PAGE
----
The rise of fun-raising

14 May

Leeds marathon Good causes have always sought awareness, and always need funds.

Volunteers have always been willing to help them in this.

In essence, there's nothing new in the emergence of what I'm calling fun-raising, but several factors have come together to empower the JustGiving generation.

  • The rise of 'voluntourism': the win-win of a wortwhile activity being linked to raising funds for a good cause. This appeals to activity-minded young people, and shatters the stereotype of the elderly volunteer
  • The emergence of online donation as an easier and more transparent system than the old paper forms and the need to ask for pledges and then to go back for the money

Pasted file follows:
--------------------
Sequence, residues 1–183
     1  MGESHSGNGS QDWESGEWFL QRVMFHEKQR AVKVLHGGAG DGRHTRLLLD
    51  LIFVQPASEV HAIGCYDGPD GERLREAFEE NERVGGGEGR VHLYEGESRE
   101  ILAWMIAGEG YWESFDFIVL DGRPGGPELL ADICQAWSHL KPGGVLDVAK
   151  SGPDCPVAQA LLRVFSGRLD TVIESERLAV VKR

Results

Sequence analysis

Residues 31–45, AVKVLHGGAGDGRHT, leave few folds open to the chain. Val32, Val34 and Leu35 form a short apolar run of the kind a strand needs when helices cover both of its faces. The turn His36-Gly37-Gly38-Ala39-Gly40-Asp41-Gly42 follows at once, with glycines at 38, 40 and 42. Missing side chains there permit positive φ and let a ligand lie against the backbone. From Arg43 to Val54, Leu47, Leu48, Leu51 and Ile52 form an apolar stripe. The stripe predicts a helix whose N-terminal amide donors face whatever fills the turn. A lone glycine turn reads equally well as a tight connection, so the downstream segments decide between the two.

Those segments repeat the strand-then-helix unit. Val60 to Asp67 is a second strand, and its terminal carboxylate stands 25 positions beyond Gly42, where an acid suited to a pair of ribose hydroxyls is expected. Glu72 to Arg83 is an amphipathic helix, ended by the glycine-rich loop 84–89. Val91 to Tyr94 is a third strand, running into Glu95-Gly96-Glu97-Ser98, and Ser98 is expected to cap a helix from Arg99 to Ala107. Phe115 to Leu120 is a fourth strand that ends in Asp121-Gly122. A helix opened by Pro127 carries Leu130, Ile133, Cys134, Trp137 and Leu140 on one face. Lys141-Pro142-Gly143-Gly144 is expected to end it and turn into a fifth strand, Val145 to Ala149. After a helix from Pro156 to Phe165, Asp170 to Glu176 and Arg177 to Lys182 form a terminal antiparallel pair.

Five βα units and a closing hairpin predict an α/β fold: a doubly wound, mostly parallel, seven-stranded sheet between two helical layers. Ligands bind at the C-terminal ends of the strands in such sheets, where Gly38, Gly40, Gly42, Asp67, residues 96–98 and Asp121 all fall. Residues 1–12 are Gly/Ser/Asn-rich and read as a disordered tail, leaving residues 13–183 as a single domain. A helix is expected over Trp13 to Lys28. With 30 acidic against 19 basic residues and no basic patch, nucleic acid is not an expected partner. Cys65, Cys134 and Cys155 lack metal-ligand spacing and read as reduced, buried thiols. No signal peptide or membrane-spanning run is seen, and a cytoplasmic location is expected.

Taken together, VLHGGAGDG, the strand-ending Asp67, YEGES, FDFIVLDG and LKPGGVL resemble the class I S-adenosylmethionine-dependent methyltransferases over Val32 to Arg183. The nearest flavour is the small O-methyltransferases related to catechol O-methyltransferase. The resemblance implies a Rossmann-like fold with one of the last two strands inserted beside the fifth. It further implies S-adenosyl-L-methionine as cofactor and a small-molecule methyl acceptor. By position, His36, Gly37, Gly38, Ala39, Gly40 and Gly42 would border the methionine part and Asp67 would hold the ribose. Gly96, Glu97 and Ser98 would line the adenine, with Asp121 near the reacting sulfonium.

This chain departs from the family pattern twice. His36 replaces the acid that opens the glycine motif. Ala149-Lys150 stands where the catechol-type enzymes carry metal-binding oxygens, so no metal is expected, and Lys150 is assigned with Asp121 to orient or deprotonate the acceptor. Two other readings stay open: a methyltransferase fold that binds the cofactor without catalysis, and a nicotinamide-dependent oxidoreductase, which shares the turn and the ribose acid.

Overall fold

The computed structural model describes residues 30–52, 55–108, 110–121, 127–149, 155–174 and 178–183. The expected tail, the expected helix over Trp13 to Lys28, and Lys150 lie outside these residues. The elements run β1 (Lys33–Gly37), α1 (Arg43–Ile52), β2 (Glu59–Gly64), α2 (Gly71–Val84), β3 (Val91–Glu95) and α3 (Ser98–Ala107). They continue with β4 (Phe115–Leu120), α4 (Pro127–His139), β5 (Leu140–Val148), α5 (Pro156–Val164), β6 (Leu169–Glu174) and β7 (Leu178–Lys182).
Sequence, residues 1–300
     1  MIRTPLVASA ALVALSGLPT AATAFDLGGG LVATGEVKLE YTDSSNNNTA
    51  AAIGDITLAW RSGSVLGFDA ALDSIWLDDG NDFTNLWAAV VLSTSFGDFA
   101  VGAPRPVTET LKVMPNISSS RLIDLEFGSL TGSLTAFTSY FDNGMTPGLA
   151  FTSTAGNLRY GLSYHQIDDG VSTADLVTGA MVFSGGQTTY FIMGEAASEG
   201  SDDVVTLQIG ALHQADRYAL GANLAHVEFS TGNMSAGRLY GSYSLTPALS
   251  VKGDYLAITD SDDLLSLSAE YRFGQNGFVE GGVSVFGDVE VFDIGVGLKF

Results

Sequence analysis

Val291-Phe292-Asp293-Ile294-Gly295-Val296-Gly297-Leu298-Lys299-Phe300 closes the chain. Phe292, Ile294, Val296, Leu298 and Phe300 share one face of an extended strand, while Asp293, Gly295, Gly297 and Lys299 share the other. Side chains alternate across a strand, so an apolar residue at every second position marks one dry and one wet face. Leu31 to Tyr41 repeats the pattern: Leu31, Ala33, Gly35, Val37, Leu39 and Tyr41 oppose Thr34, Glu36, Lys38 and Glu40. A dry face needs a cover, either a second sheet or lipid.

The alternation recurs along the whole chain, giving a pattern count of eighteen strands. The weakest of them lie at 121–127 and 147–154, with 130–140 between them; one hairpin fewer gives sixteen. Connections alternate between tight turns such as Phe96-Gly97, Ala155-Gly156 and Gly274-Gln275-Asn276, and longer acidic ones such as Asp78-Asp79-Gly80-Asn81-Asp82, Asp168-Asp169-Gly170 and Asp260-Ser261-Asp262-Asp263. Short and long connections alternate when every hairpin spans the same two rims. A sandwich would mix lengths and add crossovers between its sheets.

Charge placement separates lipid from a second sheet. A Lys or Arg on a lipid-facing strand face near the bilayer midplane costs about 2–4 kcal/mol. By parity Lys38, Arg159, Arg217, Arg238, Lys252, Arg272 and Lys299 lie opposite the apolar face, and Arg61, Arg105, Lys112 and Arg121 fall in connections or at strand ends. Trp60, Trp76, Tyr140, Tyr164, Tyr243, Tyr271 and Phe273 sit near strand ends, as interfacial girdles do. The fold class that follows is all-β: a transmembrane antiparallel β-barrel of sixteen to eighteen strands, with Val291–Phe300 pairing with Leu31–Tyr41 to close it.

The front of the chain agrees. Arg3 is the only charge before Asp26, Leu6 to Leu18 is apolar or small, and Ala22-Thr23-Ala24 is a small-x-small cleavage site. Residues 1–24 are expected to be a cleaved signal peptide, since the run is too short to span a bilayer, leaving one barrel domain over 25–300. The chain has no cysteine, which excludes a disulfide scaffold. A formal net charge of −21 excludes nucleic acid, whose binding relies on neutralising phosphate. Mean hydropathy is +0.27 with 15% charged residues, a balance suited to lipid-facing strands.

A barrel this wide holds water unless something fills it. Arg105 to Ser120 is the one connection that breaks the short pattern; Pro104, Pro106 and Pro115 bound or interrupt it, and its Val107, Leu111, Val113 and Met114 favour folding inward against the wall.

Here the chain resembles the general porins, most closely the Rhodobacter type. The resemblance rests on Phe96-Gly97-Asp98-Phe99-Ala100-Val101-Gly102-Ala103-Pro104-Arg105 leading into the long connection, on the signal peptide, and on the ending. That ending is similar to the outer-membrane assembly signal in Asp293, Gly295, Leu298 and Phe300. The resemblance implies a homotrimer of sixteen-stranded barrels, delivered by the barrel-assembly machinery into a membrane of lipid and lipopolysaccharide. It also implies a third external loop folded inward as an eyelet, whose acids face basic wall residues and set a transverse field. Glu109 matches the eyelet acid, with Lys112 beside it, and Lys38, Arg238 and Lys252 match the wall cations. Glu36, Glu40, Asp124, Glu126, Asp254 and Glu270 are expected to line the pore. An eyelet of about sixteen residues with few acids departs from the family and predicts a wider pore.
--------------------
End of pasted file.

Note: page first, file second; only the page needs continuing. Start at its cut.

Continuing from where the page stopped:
• The growth of gift-aid, giving a tax-back boost to our giving

Of course, there are problems with this popularity.

  • There's a beauty contest amongst charities and not all good causes are equally popular or photogenic
  • There's the risk of donor fatigue since so many are now requesting our support
  • There's a danger of risky endurance activities being pursued because of rising expectations of a worthwhile, newsworthy activity

As individuals, we need to work out our own response to these requests. (Mine is to allocate a monthly budget of £50 in anticipation of just such requests.)

As beggars and students-with-clipboards will know, it's hard to get money out of strangers. Charities have realised that it's more effective to devolve fundraising to volunteers who tap into their own networks. As we know from PR, relationships work. May the fun continue.

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